Disciplining Toddlers: Time In or Time Out?
We ask top child-raising experts about the pros and cons of using timeouts.
Anita Schroff, MD
What do you do when your adorable toddler engages in not-so-adorable behavior, like hitting the friend who snatches her toy, biting Mommy, or throwing her unwanted plate of peas across the room? Is it time for…timeout?
Timeout -- removing a child from the environment where misbehavior has occurred to a "neutral," unstimulating space -- can be effective for toddlers if it's used in the right way, says Jennifer Shu, MD, an Atlanta pediatrician, editor of Baby and Child Health and co-author of Food Fights: Winning the Nutritional Challenges of Parenthood Armed With Insight, Humor, and a Bottle of Ketchup and Heading Home With Your Newborn: From Birth to Reality.
"Especially at this age, timeout shouldn't be punitive. It's a break in the action, a chance to nip what they're doing in the bud."
Timeouts shouldn't be imposed in anger, agrees Elizabeth Pantley, president of Better Beginnings, a family resource and education company in Seattle, and author of several parenting books, including The No-Cry Discipline Solution. "The purpose of timeout is not to punish your child but to give him a moment to get control and reenter the situation feeling better able to cope." It also gives you the chance to take a breath and step away from the conflict for a moment so you don't lose your temper.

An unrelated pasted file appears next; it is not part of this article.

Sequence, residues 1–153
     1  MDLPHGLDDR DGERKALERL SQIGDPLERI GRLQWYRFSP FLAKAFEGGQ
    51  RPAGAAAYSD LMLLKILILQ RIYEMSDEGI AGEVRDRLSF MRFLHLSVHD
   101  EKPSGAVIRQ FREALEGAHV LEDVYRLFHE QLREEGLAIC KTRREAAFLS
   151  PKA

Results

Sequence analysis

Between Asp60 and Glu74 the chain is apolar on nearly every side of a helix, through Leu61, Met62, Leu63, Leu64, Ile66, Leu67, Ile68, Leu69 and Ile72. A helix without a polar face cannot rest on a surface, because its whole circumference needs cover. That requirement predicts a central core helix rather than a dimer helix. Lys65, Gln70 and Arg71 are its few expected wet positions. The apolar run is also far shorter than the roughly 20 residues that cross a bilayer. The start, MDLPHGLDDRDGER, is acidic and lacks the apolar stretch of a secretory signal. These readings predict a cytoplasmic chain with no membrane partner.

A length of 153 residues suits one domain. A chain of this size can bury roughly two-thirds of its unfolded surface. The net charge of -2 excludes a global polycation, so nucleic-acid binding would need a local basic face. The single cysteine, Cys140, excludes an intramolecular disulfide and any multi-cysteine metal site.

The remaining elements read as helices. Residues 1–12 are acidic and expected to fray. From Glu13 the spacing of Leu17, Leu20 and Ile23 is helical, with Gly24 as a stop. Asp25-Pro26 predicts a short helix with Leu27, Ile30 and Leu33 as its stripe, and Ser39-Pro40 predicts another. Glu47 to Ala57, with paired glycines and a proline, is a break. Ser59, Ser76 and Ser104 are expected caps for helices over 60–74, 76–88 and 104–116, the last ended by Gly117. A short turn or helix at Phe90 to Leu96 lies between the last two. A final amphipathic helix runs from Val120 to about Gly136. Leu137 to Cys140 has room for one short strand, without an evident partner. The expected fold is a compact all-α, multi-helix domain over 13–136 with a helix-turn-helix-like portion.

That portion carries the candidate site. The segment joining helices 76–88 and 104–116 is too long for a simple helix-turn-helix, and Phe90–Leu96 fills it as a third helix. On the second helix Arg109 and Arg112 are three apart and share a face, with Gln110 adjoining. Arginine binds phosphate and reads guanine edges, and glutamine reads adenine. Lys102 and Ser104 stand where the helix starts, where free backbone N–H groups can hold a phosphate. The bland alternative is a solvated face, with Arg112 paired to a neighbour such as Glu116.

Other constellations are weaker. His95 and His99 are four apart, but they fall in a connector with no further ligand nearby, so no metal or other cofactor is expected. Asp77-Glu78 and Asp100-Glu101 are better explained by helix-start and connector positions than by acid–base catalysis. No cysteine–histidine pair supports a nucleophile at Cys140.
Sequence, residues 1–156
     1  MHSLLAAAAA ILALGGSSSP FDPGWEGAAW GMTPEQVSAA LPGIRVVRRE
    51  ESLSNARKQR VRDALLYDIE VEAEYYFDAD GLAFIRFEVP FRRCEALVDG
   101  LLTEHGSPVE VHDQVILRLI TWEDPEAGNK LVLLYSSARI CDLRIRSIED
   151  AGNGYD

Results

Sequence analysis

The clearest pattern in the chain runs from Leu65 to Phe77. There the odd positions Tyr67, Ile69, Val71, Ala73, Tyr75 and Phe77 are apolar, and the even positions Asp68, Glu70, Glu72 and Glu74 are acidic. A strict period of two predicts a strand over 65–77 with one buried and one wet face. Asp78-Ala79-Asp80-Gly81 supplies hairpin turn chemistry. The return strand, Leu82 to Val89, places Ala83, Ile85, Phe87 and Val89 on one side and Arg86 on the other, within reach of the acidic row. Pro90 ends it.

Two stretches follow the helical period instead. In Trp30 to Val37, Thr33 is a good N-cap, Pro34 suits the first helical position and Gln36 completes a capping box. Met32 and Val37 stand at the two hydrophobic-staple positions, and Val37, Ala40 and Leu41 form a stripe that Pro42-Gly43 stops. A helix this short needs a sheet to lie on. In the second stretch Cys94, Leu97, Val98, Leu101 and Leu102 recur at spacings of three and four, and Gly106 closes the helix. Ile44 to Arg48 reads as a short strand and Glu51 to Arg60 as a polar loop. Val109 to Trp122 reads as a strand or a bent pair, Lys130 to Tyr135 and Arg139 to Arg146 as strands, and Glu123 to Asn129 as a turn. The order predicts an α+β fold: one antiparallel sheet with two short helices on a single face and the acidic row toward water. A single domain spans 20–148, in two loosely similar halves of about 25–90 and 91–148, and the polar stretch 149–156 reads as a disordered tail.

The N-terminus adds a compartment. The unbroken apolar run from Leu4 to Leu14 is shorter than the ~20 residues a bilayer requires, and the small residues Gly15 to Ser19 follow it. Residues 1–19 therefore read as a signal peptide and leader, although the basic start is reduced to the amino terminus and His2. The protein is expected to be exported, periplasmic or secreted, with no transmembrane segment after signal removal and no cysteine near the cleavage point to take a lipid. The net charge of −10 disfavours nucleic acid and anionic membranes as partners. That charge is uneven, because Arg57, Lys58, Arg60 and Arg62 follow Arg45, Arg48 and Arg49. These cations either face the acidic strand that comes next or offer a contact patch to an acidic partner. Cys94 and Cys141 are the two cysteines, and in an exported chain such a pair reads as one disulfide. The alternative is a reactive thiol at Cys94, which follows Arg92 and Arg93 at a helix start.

Timeouts: Not for Every Kid
Some experts insist that timeouts work for all, but Shu and Pantley disagree. "For some kids who just hate to be alone, it's a much bigger punishment than it's worth, especially with young toddlers," says Shu. "They get so upset because you're abandoning them that they don't remember why they're there, and it makes things worse." She suggests holding a child with these fears in a bear hug and helping her calm down.
You can also try warding off the kind of behavior that might warrant a timeout with "time-in." That means noticing when your children's behavior is starting to get out of hand and spending five or 10 minutes with them before they seriously misbehave. "It's like a preemptive strike," Shu says. "Once they've gotten some quality time with you, you can usually count on reasonably OK behavior for a little while."